How does one define “soul”? Depth psychology makes the study of “soul” an important element of distinction from traditional orientations. James Hillman refers to soul as “the imaginative possibility in our natures, the experiencing through reflective speculation, dream, image, and fantasy”. For me, this evokes the idea that soul is a way of being, an imaginal perspective that makes space for all that there is, without interpretation or judgment; a pure state of oneness with that which surrounds me. “Soul” is a way of experiencing, a deep emotionality that moves one from an event into the bigger picture.

“Soul” has to do with how things matter, enhancing life with value and significance. For Hillman, “soul refers to the deepening of events into experiences”, a deepening that brings metaphorical and literal meaning. “Soul” allows for a deeper connection to a numinous reality, bringing forth a sense of purpose and possibility. “Soul” is both literal and metaphorical, does not deny one or another but makes space for both.

“Soul” is often communicated in love or by means of religion. It is through love that we can ultimately see “soul”: in the eyes of a lover, a smile of a child, tears of a friend, and the raw and messy details of suffering. “Soul” is the reflection in the mirror, the words of a love song on the radio, the last dying breath of a great grandmother surrounded by her loved ones, the loneliness of an elderly in a distant nursing home, a soldier’s painful memory of death in the name of patriotism. “Soul” can be felt in the hesitant touch of a man who both desires and fears love, and heard in the faint voice of a woman whose life has been a series of overwhelming events. “Soul” is the miracle of birth and the grief of death.

It is only when I allow myself to be deeply touched by another, my heart opens and I am filled with a sense of complete aliveness. It is then that I see “soul” everywhere.

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4 Responses to “What is “Soul”?”

  1. […] This post was Twitted by rashin […]

  2. Rashin, I love your definitions of soul here. Perhaps you know Dennis Slattery, a professor in the Mythology program at Pacifica Graduate Institute? He and I recently published a co-edited volume of essays titled "Reimagining Education: Essays on Reviving the Soul of Learning." Though the essays are all so unique in their exploration of the learning enounter, I believe there's a common theme which resonates with your idea that soul occurs when "I allow myself to be deeply touched by another." My essay in the volume speaks directly to those deep encounters that can occur in the classroom, as does Thomas Moore's, Christine Downing's, and many of the other contributors. And yet, education today is focused on the shallow encounter, not between teacher and student, but between student and curriculum. No soul there, nor on the standardized test which measures the success of the encouter.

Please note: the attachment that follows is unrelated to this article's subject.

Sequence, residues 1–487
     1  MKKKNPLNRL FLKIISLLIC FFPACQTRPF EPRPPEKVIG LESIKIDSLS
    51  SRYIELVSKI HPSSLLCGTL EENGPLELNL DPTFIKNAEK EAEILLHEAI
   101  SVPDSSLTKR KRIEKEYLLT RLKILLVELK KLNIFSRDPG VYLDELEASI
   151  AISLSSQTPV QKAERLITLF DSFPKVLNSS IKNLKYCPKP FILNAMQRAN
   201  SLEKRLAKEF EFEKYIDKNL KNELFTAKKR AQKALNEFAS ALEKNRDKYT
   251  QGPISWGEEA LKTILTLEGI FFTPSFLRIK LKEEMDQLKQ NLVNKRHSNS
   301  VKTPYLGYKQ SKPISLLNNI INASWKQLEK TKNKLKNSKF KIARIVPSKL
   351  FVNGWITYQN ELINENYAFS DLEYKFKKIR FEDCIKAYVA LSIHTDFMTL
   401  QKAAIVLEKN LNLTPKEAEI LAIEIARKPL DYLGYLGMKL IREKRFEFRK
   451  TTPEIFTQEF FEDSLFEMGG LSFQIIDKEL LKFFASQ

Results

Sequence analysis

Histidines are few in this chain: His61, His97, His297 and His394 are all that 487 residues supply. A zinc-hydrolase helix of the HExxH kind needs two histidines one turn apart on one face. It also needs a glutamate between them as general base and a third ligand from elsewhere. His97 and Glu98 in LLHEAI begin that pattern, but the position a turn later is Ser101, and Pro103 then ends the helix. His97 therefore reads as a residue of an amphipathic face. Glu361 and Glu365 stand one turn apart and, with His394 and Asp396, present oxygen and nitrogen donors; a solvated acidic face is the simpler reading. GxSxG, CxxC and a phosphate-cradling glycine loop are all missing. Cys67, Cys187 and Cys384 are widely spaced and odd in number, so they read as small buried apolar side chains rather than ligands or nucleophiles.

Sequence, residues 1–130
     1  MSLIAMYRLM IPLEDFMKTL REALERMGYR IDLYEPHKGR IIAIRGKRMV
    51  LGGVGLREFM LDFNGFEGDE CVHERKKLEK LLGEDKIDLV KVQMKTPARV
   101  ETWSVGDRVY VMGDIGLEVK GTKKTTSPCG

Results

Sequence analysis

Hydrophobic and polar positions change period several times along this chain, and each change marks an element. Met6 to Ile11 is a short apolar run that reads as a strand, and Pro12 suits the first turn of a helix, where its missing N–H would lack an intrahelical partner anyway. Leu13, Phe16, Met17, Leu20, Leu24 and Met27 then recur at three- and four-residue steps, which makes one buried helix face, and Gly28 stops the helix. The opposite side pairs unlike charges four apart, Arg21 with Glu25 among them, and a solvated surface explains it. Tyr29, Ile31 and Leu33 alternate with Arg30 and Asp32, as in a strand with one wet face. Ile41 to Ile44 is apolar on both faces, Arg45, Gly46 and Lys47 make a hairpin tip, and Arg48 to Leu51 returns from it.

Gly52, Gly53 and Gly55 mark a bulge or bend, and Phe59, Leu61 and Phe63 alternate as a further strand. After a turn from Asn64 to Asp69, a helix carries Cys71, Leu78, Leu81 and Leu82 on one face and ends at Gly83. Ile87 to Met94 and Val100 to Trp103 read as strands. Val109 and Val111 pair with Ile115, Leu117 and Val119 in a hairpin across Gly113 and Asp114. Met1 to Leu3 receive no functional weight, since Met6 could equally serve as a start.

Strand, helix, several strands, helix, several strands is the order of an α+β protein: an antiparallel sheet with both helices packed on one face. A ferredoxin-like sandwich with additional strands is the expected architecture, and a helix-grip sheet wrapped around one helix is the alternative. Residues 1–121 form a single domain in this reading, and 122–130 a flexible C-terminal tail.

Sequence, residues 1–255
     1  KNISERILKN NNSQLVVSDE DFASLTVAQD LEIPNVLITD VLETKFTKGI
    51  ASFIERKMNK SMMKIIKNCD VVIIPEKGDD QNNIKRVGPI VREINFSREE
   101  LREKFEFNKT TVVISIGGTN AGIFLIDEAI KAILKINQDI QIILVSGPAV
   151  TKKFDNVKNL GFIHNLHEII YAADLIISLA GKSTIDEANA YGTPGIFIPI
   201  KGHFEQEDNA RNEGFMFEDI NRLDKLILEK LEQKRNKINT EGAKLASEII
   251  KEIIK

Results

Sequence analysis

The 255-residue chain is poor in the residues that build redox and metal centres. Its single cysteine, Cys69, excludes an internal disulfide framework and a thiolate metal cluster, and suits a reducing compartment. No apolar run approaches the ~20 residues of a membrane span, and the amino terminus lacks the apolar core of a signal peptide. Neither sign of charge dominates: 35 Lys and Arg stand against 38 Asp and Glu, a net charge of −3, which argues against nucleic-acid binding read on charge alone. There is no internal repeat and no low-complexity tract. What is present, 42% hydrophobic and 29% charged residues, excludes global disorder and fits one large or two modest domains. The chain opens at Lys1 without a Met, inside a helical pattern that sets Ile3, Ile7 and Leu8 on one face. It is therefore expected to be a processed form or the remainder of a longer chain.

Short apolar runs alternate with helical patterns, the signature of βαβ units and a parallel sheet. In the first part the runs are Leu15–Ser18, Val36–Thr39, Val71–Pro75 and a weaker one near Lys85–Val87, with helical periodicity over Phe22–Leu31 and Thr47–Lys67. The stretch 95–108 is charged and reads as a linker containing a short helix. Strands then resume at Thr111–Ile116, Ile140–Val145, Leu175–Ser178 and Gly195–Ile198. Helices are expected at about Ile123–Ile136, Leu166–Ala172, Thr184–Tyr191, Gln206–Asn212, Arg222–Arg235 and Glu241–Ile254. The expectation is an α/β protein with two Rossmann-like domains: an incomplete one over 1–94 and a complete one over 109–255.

3. To continue: I've been so encouraged by my experiences at book readings and radio interviews and conference presentations when I share some of the insights from this book. Talk about bringing depth psychology to everyday life–everyone I meet understands intuitively and feels a raging hunger to bring depth of soul back to public education. As you state in your post, bringing soul to the educational encounter can bring "forth a sense of purpose and possibility" which is so lacking for most students at school these days.

    Thanks for your thought-provoking piece.

  4. Rashin says:

    Thank you Jennifer for reading, and sharing your thoughts on soul and the lack of it in our current educational system. I'm definitely intrigued by your essays and would love to read them. As a parent and having worked with children, I see the negative impacts of this "lack" on a daily basis. Perhaps together we can work together and bring back that sense of purpose and possibility in our youth.

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